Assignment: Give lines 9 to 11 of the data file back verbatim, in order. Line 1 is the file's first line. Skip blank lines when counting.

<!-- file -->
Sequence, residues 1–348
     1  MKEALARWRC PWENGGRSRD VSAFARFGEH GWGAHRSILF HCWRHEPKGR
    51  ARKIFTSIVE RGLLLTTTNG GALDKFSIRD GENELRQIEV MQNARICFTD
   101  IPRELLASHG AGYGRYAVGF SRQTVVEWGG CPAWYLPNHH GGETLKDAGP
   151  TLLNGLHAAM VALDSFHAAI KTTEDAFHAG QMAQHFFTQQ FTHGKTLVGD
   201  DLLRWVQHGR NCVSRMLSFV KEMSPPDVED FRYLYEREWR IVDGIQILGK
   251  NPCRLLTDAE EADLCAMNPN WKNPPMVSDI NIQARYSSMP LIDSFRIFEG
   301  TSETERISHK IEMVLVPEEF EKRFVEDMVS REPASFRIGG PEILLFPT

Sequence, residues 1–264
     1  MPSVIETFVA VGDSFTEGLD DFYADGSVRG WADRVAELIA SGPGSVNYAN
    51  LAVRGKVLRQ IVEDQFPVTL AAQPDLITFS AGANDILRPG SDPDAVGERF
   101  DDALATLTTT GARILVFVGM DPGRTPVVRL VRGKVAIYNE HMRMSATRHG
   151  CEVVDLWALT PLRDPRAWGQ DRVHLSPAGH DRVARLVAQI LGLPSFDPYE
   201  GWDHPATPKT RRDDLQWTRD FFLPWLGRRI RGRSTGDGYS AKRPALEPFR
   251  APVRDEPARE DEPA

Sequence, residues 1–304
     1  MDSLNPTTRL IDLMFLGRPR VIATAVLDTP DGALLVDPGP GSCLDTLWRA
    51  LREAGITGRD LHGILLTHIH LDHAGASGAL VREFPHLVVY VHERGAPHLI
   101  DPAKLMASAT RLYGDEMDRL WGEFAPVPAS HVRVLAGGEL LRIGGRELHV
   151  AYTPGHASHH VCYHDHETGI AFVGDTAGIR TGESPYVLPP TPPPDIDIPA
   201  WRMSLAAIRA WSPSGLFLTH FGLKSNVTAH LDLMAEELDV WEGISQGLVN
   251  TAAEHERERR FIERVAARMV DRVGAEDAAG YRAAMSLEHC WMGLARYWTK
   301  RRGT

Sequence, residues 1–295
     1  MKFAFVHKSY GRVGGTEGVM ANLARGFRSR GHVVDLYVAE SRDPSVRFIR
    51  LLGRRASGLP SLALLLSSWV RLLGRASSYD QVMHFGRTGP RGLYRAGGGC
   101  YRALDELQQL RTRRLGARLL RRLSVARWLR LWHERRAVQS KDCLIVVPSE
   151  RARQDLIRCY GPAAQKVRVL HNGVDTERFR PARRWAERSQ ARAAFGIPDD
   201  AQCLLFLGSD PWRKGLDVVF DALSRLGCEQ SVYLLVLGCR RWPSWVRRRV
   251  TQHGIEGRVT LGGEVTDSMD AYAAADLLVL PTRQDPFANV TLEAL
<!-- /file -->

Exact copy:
Sequence, residues 1–264
     1  MPSVIETFVA VGDSFTEGLD DFYADGSVRG WADRVAELIA SGPGSVNYAN
    51  LAVRGKVLRQ IVEDQFPVTL AAQPDLITFS AGANDILRPG SDPDAVGERF